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Posts tagged "Criminal Charges"

Texting While Driving Just Got More Dangerous in Florida

Texting while driving has always been frowned upon for obvious safety reasons, but due to a new law that's been passed in Florida there's even more of a reason not to text and drive. On May 17th, Florida Governor Ron DeSantis signed a bill making it a possible for law enforcement to stop and ticket drivers who are caught texting. Under the previous law, drivers on their phones could only be cited if they were pulled over for another violation first.

What's The Difference Between A State Crime and A Federal Crime?

Illegal acts come in a variety of different situations and severities. Crimes can range from murder to theft, drug use, rape, assault, or forgery to name a few. Depending on where the crime takes place and the type of crime it is, you could be charged by the state (in this case Florida) or by the federal government if the crime meets certain criteria.

How Social Media Private Direct Messages Can Lead to Your Arrest

At this point in time, nearly everyone is active on some form of social media -whether it's Facebook, Instagram, Twitter, or all of the above. You may know that what's on your newsfeed and is shown to the general public can be used against you as evidence, but did you know that your private direct messages can also lead to charges being placed against you if misconduct is discovered?

What Are Your Plea Options In a Criminal Court Case?

Even if you've never been in a courtroom before, chances are you've seen a movie or television show where the judge asks the defendant how they plea to the crime they are being charged for. A plea is essentially your response to the charges being brought against you. There are three ways a defendant can plea during a court case: guilty, not guilty, and nolo contendere (also known as no contest). The way you plea to charges against you determines the next steps in your case. Once you've put in your plea, it's very difficult to withdraw or change it, so be sure you're comfortable with whatever route you decide to go.

What Happens When You Falsify A Threat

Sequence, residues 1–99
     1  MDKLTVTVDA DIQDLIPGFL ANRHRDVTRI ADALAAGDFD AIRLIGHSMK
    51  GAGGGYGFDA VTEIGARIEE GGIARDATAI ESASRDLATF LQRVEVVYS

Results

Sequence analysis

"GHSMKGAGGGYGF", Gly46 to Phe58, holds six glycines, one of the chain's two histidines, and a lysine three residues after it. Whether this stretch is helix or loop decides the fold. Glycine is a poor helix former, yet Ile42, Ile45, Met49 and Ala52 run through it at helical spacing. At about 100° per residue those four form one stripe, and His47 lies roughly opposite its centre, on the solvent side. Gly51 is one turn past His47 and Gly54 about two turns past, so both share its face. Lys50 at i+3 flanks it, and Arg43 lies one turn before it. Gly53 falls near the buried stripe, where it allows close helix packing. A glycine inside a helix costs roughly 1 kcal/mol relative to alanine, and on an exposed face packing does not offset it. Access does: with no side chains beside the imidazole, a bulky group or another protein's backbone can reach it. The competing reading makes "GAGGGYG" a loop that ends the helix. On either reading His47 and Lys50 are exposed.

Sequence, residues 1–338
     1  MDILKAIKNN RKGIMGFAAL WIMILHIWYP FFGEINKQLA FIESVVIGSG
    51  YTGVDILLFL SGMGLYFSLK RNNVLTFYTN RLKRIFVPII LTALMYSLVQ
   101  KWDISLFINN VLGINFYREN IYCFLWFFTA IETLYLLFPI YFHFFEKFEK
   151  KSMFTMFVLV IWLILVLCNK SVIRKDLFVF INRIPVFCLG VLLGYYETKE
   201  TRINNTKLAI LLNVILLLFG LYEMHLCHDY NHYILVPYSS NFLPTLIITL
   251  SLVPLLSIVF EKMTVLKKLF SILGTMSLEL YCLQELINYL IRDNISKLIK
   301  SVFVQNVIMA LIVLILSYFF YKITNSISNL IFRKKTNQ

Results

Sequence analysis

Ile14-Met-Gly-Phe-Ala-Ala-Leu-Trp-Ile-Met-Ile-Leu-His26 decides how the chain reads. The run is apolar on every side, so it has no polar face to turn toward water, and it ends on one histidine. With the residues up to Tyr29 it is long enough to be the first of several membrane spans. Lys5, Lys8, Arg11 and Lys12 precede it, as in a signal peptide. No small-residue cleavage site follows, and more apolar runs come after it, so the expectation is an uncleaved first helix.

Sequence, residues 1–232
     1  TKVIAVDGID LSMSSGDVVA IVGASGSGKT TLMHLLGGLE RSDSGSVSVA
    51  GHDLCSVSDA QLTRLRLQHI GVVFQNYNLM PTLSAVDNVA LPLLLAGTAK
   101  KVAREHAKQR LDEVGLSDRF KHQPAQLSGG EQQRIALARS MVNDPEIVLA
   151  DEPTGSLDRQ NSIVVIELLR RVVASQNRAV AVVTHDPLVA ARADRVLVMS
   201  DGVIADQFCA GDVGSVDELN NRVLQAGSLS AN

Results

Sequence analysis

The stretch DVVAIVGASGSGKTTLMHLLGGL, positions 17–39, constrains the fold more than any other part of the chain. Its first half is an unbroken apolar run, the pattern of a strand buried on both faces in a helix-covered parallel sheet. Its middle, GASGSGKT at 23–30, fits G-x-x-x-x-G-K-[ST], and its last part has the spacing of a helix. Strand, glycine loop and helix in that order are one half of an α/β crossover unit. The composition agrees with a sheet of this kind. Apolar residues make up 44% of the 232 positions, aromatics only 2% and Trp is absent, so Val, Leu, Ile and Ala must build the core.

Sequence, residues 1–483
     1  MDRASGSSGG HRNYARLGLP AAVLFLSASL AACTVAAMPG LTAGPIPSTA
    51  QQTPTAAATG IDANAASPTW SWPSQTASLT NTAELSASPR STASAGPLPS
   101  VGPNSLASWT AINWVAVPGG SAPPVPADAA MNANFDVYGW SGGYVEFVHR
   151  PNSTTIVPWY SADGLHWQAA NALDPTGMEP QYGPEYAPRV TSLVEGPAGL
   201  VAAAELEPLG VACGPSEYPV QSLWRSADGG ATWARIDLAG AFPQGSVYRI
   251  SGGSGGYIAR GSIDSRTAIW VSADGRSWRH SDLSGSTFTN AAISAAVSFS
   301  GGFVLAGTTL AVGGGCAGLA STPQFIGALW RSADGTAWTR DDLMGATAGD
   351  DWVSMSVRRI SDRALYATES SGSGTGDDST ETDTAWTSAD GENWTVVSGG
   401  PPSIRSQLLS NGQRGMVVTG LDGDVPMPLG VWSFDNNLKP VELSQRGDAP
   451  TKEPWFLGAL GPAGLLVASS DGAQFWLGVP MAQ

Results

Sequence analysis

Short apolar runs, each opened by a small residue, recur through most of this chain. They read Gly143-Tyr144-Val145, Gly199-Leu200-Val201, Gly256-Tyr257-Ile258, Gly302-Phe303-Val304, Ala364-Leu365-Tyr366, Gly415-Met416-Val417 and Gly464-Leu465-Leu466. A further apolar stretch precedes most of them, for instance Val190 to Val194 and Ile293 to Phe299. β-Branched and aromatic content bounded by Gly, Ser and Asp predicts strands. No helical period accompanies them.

We live in a world where safety concerns like bomb threats or random shooting are something we hear about all too often. Many establishments such as schools, airports, and large public venues have policies in place for what to do if that kind of threat should occur. In the event that a threat is reported, law enforcement will immediately jump into action. So, what happens if the reported threat is false and a lie? Does the person who falsified the threat deserve to be punished? What about the time, cost, and mental disruption caused by those involved in the steps that take place after the threat is reported?

Florida Legislature to Pass Law Mandating the Recording of Interrogations

It only seems logically to record interrogations, as that's the moment when may confessions take place. Having these recordings allow for an accurate depiction of how the conversation occurred as well as if the confession seemed honest and truthful or possibly forced or coerced through pressure by the interrogating officer. However, Florida is one of the states in the United States that doesn't legally require for interrogations to be recorded. Senate Bill 204 aims to change that.

What Are Criminal Statutes of Limitations?

Most crimes - with the exception of murder and kidnapping - have a limit of time that a prosecutor can file criminal charges against a suspect. These time limits are known as the statute of limitations. The statutes are in place to make sure that evidence being used is preserved properly and justice is happening in a timely manner. 

Can You Sue After A Wrongful Arrest?

Hundreds of arrests happen each day in the United States and many of these are wrongful arrests of defendants who haven't committed the crime they are ultimately charged with and often serve time for. In a country where at any given moment over 2 million people are in prison, even 1% of an error in arrests can result in several thousands of people behind bars for crimes they didn't commit.

What Happens After You Are Arrested and Not Yet Charged with A Crime in Florida?

After you're arrested for a crime, the next step is the filing of the information or indictment. In most cases in Florida (except Capital) the police will fill out a standard police report (A-Form) that will be passed on to the State Attorney's Office who will review the case and determine what crimes they will formally charge you with.

Judges Rule Police Are Protected By Stand Your Ground Law

Having the ability to defend oneself in a moment where you fear for your life is an important factor in feeling safe. The Stand Your Ground law protects those who have to take action to defend themselves in life-threatening cases. Initially, this was a right given to all persons, but not necessarily those on the police force. However, the Florida Supreme Court recently ruled that Florida law enforcement can use the law in some instances. 

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